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Happy Cold, Cold, Very Cold New Years!

There’s nothing like the present when trying out a new thing.  I’ve winter camped before- any climbing we’ve done in the Ghost Valley in Alberta required a sketchy truck drive, a long hike, and then a cold camp.  Being two, or three guys, and naturally without the absolute NEED to share a tent (ie. a narrow bivvy on the side of some cliff), we opted to each set up our individual little nylon tent, and then freeze solidly for the 12 hours of darkness.

I’m older, wiser, and will be sharing the tent with my wife and little ones.  As well, this makes a perfect warming shelter (which will be its primary use) when doing bush work, maple syrup…etc.  I ordered this from which is a funky little shop in Port Credit that specializes in more heavy-duty outdoor gear.

When I was younger, travelling lighter, and had pre-kid disposable income, and spending my non-work days doing kinda fun stuff in the mountains, I was really, really into the ultra-light gear.  I wanted packs and jackets and tents that weighed about nothing, and with which I could get a good, full season of use, a second season of duct-tape-patched use, after which I would pitch the tattered, ultra-light rags and start.  If I used that same gear in the tree, anything Pata-gucci or ArcTear-it, I believe it would last a good couple of months or so…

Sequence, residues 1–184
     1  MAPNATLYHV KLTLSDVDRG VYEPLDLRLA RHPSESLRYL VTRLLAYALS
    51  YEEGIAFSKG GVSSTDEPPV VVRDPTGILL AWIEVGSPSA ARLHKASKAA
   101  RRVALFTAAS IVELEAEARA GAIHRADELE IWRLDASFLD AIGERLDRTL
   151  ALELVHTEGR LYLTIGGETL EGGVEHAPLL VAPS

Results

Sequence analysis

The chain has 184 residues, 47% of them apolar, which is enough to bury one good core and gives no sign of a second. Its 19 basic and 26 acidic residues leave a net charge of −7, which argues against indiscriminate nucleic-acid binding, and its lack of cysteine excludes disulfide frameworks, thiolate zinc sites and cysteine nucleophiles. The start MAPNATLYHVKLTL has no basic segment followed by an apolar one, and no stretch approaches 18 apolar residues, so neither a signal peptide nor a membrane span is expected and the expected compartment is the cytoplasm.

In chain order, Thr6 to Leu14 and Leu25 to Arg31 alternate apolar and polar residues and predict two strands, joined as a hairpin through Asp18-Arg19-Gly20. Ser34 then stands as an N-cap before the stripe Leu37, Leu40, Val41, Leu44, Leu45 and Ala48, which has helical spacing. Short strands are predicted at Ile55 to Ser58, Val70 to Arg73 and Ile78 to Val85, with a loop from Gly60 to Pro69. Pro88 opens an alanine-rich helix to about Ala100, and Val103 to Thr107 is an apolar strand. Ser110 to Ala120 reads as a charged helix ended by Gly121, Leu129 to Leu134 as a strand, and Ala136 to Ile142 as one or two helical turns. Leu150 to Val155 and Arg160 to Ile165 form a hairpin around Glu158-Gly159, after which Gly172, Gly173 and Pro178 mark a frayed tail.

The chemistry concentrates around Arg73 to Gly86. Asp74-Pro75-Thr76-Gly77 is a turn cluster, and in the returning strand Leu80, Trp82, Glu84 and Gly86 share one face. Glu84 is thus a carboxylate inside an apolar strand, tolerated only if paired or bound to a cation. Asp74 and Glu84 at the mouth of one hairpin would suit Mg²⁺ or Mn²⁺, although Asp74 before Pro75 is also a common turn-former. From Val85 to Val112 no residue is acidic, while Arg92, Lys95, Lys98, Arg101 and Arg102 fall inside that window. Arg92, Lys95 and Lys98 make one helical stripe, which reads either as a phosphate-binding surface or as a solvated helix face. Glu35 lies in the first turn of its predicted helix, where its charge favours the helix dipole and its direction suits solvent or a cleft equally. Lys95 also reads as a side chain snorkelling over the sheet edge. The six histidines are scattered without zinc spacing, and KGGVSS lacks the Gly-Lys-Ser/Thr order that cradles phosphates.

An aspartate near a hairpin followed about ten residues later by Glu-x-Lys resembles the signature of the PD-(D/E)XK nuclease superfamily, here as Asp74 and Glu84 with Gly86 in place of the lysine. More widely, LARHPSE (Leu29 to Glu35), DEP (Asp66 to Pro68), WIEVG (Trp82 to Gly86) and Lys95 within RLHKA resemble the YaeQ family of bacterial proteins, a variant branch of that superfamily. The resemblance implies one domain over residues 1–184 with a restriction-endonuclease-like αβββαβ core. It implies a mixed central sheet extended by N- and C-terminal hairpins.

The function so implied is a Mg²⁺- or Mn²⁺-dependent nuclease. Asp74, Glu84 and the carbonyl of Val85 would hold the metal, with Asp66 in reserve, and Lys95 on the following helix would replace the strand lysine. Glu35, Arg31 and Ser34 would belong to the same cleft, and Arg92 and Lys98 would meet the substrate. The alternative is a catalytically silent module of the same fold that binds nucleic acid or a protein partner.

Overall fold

But, as my leisure time has become, well, work time ( three mouths to feed, and counting ..), and I began to realize a penny saved is sure better than a penny charged on credit, I slowly began migrating to the burlier, heavier, and more enduring winter gear.

Which lead me to purchasing the 20lb Tent and 10lb Wood Stove, which is about 6x the weight of my old MSR Fusion tent, BUT will probably out last it by a ten-factor.


Practice Camping with a bail out a scant few hundred meters away. It is only about -15 in the mid day. At this temp, it’s pretty easy to keep the tent balmy warm.

And, it was in this canvas palace that I spent the closing nights of the New Year.  It was hovering around -30, and I was a bit sick with a bout of the flu, but I really, REALLY wanted to test it out.

So, how did I fare?  Set up took about 45 minutes, all told, and that’s for an amateur (I’d set it up in practice, once, and then spent some time on trying to figure out everything that went wrong the first time).  I’m pretty good with knots, being an arborist and all, so that bit went easy, and my commitment factor was pretty low.  This was in the folks-in-law’s orchard- their big, warm, heat-pump heated house was only a few hundred meters away.

I could bail so long as Grandma remembered to keep the door unlocked.